#QuedateEnCasa: Latin American Cinema to Stream at Home

By 31 March, 2020

And just like that the cinemas closed and the film festivals got canned. Months of marketing and preparation seemingly wasted, but the film industry is fighting back. This is especially the case with independent and world cinema which is finding ways of being released sharpish via VOD or even free-to-watch. There’s a collective spirit at play, which means that right now may be the best ever time for watching Latin American cinema in the comfort of your own home.

Below are some of our recommendations for platforms to watch Latinx cinema online, followed by 12 films we thoroughly recommend checking out, all of which are currently available to stream for free as we write this (and be warned, some may only be available for a limited time, so be quick if there’s something that takes your fancy).


MUBI – a unique proposition in that MUBI only ever has 30 films to stream, with one new film added each day, which you then have 30 days to watch. The catch is that their film choices are spot-on. Right now, they’ve got Bacurau and Neighbouring Sounds by Brazilian film-maker Kleber Mendonça Filho, as well as Argentine lesbian/feminist road movie The Daughters of Fire, and lots more world and independent cinema. Right now, you can get a 90-free trial by going to mubi.com/soundsandcolours

The Cinema Tropical Collection – the best programmers of Latin American cinema in the US (seriously), Cinema Tropical have started a new curated series which will feature online premieres of new Latin American cinema with Q&A sessions with the film’s makers. They have already scheduled quite a few films so head over to cinematropical.com/the-cinema-tropical-collection for the latest.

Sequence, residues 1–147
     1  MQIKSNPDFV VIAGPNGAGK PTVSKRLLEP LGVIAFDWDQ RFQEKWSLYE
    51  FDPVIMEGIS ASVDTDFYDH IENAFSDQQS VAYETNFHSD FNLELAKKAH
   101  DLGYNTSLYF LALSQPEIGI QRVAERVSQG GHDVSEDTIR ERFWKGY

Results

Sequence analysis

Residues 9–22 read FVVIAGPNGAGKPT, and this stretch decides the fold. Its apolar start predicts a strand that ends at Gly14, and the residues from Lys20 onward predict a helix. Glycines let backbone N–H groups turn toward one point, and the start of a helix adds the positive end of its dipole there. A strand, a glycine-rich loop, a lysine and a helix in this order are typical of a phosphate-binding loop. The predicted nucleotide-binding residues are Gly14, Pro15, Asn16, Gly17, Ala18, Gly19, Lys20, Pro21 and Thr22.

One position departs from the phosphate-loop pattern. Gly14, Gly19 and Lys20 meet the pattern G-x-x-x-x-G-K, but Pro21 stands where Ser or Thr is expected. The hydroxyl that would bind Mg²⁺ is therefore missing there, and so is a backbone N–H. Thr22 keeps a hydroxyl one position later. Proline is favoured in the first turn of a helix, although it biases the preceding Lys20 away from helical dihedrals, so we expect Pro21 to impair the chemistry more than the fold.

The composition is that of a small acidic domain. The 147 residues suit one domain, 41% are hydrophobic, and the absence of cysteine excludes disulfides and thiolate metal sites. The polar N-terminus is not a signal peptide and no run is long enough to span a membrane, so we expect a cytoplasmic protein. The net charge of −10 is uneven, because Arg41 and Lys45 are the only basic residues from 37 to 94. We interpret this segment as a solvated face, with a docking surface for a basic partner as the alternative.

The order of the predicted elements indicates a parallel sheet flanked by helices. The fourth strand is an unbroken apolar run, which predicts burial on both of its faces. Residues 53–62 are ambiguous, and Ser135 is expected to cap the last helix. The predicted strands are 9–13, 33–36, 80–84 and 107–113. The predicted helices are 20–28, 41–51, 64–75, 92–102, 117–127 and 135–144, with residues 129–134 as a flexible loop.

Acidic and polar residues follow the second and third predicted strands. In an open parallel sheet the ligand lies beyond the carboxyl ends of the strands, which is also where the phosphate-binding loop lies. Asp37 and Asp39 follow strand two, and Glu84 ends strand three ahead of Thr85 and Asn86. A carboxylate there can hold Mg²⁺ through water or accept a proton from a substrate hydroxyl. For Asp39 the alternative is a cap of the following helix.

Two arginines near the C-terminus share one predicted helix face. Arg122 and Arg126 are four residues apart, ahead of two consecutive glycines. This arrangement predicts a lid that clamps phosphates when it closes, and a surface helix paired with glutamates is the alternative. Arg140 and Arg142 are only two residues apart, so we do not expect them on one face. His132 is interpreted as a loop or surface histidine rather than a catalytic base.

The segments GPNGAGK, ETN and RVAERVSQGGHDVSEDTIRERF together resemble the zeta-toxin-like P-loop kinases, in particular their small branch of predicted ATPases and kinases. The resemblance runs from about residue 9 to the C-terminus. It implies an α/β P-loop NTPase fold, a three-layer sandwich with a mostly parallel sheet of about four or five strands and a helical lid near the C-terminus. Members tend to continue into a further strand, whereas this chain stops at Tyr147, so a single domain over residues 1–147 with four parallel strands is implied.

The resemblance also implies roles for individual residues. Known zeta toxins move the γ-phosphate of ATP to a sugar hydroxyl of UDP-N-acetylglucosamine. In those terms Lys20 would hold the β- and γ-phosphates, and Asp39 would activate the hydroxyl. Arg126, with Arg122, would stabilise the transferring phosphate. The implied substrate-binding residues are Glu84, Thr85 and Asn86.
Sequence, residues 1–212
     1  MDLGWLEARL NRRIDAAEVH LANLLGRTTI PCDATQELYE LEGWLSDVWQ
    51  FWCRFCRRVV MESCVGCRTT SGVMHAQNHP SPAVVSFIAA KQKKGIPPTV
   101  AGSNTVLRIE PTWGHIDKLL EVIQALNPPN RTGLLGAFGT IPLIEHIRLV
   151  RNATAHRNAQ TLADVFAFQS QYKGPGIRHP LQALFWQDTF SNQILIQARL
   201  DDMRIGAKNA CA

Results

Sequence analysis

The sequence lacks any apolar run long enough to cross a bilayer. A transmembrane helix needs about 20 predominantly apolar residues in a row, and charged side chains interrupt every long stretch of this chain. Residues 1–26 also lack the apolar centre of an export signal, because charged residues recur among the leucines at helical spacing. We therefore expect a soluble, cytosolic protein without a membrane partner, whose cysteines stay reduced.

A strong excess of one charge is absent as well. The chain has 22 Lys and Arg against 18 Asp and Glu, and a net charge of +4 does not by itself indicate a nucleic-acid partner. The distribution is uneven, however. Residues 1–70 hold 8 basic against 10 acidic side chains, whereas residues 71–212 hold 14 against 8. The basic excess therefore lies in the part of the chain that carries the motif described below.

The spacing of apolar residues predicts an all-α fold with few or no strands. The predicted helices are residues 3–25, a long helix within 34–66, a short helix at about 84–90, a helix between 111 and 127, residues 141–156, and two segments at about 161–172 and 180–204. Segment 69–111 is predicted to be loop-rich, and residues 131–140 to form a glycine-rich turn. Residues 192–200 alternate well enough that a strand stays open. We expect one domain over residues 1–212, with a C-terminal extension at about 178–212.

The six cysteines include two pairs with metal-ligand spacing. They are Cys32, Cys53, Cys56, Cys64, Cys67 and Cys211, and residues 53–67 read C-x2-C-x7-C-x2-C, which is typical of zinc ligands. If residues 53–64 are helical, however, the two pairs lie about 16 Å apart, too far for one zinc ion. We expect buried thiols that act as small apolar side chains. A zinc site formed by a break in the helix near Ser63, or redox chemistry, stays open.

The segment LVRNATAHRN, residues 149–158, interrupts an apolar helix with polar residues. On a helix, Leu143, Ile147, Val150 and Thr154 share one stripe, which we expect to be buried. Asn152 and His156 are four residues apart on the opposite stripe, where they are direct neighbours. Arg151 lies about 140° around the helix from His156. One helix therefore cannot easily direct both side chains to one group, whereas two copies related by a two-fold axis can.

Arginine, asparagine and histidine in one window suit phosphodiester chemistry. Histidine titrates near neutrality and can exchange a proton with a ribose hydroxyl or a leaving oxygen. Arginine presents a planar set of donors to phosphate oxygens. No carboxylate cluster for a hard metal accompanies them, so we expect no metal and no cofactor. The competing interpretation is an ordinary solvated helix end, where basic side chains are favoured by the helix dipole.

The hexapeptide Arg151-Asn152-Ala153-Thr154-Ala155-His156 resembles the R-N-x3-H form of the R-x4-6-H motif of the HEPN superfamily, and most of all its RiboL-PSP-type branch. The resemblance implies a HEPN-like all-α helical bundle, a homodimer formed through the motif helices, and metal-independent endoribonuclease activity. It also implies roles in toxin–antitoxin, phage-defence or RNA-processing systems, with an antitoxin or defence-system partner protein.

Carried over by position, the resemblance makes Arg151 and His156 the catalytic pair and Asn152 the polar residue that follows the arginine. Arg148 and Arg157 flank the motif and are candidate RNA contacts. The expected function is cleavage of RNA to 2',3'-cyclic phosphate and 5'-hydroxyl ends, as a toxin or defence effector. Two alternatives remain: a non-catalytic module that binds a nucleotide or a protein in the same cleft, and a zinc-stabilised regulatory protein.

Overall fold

OVID.tv – this streaming platform is only available in the US and Canada but contains some quality independent Latin American cinema, with films such as Nostalgia For The Light, Cinema Novo and Gabo: The Creation of Gabriel Garcia Marquez in its catalogue, and more added each day.

Cine Cubano en Cuarantena – a Facebook-based project listing any Cuban films that are free-to-watch online, including many exclusives.

Netflix – clearly we all know about Netflix, but worth a quick mention as they have a vast range of Latin American films – including many popular comedies that don’t fall into the arthouse circuit – as well as a lot of television too. Here’s our pick of some of Netflix’s finest Latin American titles right here.